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This Essay examines certain psychological foundations relative to

Liber AL vel Legis, The Book of the Law
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The Second Matrix

The second matrix, BPM II, or "Cosmic Engulfment and No Exit," pertains to experiences when contractions begin but before the cervix opens.

BPM II starts when the birth contractions begin and there is pressure on the fetus, yet no chance of release.

The beginning phase is similar to a negative BPM I – a disruption of the intrauterine paradise with a perception of mechanical entrapment and claustrophobia. Secondarily, complete BPM II is a feeling of no escape, of hell, of a hopeless world full of meaningless suffering. As an adult, one may feel deeply guilty and identify with the role of the helpless victim.

(Grof's Definition) BPM II: "This experiential pattern is related to the very onset of biological delivery . . . the original equilibrium of the intrauterine existence is disturbed … Very characteristic for this stage is the experience of a three-dimensional spiral, funnel, or whirlpool, sucking the subject relentlessly towards its center."

The whirlpool is a symbol of The Matrix, the holographic, external reality that we know as "the world."

"The corresponding mythological theme seems to be the beginning of the hero's journey … Agonizing feelings of metaphysical loneliness, helplessness, inferiority, existential despair, and guilt are standard constituents of this matrix."

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The second chapter of Liber AL describes this experience:

"I am Life, and the giver of Life, yet therefore is the knowledge of me the knowledge of death." – Chapter 2, Line 6.

"I am alone: there is no God where I am." – Chapter 2, Line 23.

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Analysis – BPM II

Memories of the threat of the beginning of birth represents visions of cosmic engulfment. This creates feelings of increasing anxiety and the awareness of an imminent vital danger. The source of this danger cannot be clearly identified and the subject has a tendency to interpret the world in paranoid terms. This can result in a sense of being poisoned, influenced by hypnosis or by a diabolic machine, possessed by a demonic force, or attacked by extraterrestrial entities.

A related equivalent to this annihilating maelstrom is the experience of being swallowed by a terrifying monster, such as a giant dragon, leviathan, python, crocodile, or whale. Equally frequent in this context are experiences of attack by a monstrous octopus or tarantula. A less dramatic version of the same experience is the theme of descent into a dangerous underworld *, the realm of the dead **, a system of dark grottoes, or a mystifying labyrinth. Corresponding mythological themes are the beginning of the hero's journey, the fall of the angels, and paradise lost.
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* See the 2 initiation ritual, Passing through the Tuat .(Tuat = The Ancient Aegyptian Underworld), as portrayed in The Egyptian Book of the Dead.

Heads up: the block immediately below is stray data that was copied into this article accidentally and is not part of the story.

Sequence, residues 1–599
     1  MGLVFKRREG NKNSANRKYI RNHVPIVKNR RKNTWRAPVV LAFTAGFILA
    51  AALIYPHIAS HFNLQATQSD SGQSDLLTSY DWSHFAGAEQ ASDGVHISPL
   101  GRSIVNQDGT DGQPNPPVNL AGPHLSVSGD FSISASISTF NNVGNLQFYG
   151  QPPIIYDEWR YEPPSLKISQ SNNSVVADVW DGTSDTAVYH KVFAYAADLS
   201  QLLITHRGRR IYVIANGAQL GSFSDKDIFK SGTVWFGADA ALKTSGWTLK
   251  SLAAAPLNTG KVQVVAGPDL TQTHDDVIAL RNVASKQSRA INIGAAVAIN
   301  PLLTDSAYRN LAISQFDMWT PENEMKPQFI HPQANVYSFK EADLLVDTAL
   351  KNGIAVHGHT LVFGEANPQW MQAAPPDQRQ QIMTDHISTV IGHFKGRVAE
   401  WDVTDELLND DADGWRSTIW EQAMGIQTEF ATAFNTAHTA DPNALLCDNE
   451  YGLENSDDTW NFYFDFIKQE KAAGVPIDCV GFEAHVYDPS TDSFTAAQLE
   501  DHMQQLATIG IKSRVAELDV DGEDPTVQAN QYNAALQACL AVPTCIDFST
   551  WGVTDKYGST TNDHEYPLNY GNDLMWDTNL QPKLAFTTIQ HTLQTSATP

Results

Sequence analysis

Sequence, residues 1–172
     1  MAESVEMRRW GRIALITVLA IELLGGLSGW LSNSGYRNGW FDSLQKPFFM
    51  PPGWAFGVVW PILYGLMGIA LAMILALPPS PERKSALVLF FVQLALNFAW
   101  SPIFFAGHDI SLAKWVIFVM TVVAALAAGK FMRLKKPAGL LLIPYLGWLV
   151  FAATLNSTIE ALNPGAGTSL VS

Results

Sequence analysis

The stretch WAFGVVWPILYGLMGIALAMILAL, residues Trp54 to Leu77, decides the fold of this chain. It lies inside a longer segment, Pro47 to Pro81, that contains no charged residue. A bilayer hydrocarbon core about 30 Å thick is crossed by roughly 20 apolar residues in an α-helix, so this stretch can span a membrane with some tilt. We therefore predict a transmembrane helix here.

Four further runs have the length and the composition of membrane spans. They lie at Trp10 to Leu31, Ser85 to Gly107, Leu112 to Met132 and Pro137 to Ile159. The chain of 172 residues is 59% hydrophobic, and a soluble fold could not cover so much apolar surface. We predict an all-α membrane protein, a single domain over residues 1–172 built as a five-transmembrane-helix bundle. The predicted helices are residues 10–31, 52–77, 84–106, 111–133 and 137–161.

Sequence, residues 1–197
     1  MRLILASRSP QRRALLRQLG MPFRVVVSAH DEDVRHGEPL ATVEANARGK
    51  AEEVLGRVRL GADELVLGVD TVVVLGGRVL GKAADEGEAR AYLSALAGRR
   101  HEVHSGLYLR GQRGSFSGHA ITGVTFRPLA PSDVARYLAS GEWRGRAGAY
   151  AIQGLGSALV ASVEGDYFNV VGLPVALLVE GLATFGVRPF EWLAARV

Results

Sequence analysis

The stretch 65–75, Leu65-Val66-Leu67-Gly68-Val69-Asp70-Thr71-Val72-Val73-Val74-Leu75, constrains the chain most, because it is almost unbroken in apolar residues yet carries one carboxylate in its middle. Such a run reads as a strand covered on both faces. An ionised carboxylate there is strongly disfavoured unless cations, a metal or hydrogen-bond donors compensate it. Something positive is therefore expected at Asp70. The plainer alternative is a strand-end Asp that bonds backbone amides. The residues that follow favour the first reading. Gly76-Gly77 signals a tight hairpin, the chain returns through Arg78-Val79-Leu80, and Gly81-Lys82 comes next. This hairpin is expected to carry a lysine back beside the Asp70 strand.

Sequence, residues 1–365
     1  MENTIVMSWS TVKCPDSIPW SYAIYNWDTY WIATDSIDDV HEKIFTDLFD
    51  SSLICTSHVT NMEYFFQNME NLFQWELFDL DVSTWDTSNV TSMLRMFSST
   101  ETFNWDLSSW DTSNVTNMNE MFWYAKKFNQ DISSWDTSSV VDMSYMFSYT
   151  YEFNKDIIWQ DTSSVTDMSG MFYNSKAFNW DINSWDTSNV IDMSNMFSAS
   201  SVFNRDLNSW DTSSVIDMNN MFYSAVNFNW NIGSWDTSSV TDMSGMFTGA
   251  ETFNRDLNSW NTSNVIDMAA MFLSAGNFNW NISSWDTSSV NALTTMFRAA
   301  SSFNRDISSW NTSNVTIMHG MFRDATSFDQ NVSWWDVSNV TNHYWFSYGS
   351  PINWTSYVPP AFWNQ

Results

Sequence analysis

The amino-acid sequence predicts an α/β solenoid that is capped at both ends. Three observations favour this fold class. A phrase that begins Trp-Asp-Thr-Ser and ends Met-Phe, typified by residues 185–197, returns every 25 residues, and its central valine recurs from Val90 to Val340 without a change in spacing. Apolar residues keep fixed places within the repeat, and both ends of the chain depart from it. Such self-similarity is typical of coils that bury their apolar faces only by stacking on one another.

** Refer to The Tibetan Book of the Dead.

Some of these images might appear strange to the analytical mind; however, they show deep experiential logic. Thus the whirlpool represents a serious danger to an organism enjoying free-floating in a watery environment and imposes on it a dangerous unidirectional motion.

Similarly, the situation of being swallowed changes freedom into a life-threatening confinement comparable to the situation of a fetus wedged into the pelvic opening. An octopus entangles, confines, and threatens organisms living in the oceanic milieu. A spider traps and restricts insects who previously flew freely in an unobstructed world and seriously endangers their life.

These visions are often associated with identification with prisoners in dungeons or concentration camps, inmates of insane asylums, sinners in hell, or archetypal figures, such as the Wandering Jew, the Flying Dutchman, Sisyphus, or Prometheus. Frequent images and experiences include people and animals dying lonely deaths of starvation or in hostile natural settings, such as deserts or the freezing cold of Siberia.

The logic of these themes reflects the fact that the contractions of the uterus cut off the placenta blood supply for the fetus, which represents not only meaningful connection with the world and human contact, but also the source of nourishment and warmth.

Under the influence of this matrix, one is blinded to anything positive in the world and in his or her life. Agonizing feelings of metaphysical loneliness, helplessness, hopelessness, inferiority, inadequacy, despair, and guilt are common. Human life appears as absolutely meaningless.

BPM II attracts and is connected with COEX systems involving a passive and helpless victim subjected to an overwhelming destructive force without a chance of escaping.

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< CLICK ON THE DOC to Enter BPM III

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